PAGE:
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Commentary by Ivan M. Granger
There is so much to explore in this "standing" that I leave it with you to contemplate. Just a few of my own thoughts...
Nothing could enter it but the sincere act.
I love that.
I saw the reckoning
single out what was for the face of God
from what was for the other-than-him.
The day of reckoning, Judgment Day, is when we are sifted to discover what in us is a pure reflection of the face of God from that which is "other-than-him." But Niffari sees that even the "reward" is "other-than-him." He seems to be reminding us that to truly pass the "reckoning," we must seek the Eternal not for the sake of a promised heavenly reward, but for the Eternal alone.
I saw that the act, sincere in him and for him alone,
raised from the door to the highest plane of vision.
When it was raised, there was written upon the door:
"It has passed the reckoning."
A sacred puzzle: The reward is not the reward; God is the reward.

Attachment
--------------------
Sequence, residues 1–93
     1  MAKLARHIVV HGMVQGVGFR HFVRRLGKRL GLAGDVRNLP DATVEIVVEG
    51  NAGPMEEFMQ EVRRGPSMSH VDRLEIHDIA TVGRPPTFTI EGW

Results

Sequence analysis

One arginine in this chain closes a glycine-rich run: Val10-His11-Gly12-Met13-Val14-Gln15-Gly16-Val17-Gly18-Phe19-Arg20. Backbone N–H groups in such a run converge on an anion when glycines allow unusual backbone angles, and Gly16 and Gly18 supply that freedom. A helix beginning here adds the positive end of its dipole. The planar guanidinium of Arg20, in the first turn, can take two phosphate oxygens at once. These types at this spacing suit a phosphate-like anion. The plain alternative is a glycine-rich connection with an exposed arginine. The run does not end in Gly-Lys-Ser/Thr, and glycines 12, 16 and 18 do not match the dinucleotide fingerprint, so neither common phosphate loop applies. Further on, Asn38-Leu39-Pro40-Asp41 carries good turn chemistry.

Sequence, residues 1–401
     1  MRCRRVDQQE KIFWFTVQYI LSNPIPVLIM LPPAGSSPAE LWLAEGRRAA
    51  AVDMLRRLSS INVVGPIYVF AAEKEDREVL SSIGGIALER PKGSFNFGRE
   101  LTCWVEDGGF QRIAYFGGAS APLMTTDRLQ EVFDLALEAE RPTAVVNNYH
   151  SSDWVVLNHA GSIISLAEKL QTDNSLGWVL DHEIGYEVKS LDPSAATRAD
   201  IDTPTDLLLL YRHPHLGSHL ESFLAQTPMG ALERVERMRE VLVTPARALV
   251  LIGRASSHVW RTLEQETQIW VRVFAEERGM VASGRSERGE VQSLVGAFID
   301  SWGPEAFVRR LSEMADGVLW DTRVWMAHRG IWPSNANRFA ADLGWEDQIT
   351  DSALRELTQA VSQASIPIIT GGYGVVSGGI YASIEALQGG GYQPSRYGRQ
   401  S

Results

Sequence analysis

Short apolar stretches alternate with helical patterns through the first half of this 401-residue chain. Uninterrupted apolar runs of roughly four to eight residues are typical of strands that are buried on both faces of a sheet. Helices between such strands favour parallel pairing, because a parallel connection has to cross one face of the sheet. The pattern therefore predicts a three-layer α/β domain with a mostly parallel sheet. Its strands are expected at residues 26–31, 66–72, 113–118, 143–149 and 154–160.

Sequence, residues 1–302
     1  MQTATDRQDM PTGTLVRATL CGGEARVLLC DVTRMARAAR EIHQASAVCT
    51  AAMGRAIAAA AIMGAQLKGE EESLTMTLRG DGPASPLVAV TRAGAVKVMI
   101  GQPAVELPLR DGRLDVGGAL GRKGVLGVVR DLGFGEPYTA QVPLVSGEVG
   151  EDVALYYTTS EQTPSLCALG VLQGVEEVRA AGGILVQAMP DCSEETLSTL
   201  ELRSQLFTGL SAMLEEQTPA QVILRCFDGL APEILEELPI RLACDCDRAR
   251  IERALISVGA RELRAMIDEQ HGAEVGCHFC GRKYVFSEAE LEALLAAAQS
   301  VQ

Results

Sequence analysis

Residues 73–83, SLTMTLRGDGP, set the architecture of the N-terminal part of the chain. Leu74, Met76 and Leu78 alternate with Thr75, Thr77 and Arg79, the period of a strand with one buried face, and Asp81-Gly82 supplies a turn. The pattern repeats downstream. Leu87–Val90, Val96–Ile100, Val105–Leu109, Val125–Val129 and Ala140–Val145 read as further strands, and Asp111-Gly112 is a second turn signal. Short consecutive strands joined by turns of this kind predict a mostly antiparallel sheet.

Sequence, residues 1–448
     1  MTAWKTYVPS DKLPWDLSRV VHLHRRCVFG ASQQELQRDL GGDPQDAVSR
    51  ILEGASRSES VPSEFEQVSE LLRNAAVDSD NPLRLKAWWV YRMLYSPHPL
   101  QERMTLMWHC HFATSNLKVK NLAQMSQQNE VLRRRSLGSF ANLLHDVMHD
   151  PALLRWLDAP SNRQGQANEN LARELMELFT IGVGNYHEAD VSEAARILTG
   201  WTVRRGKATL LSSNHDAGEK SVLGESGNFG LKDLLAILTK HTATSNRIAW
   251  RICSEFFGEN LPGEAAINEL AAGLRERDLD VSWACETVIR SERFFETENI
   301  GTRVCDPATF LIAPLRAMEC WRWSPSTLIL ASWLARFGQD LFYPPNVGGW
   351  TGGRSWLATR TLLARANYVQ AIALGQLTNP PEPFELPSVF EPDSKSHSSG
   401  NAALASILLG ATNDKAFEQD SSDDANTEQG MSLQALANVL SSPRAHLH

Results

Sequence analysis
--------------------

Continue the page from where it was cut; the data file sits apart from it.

Eat from my hand,
Drink from my hand
Or you will not be equal to my obedience.
This is an statement of inner mystical initiation. Depth here to explore...
If you cast off your fault
you will cast off your ignorance.
If you recall your fault
you will forget your lord.
I love these lines too. A reminder to us that obsessing on faults, imperfections, or sins keeps us cut off from the Divine. The proper approach is not to linger on one's personal or spiritual failures; that simply strengthens the illusory walls between the individual awareness and the Eternal. No, one must see those "faults" clearly, and seeing them clearly no longer cling to them, allowing them to simply fall away without self-condemnation.
We define ourselves by our faults, and create spiritual separation through self-condemnation. When we let them simply fall, the walls we imagined separating ourselves from the Eternal show themselves to have never been. "Ignorance" finally disappears and we we have all along been standing in the presence of the Divine.
In the garden
is everything thought can bear
and behind it more.
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M. Granger's original poetry, stories and commentaries are Copyright ©
2002 - 2011 by Ivan M. Granger.
All other material is copyrighted by the respective authors, translators and/or publishers.